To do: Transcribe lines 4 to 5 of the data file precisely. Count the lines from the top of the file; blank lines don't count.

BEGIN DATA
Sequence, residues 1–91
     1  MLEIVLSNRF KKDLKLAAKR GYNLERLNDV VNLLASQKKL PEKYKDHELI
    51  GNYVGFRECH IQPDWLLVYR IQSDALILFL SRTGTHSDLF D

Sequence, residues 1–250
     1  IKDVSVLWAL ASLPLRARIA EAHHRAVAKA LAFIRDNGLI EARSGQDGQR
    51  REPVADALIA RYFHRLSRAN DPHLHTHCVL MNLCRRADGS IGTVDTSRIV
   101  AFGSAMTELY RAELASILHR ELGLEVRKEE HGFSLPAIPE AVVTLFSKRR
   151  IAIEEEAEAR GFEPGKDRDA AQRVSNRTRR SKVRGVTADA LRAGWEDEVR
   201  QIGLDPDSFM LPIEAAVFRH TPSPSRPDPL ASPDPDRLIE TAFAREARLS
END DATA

Sequence, residues 1–250
     1  IKDVSVLWAL ASLPLRARIA EAHHRAVAKA LAFIRDNGLI EARSGQDGQR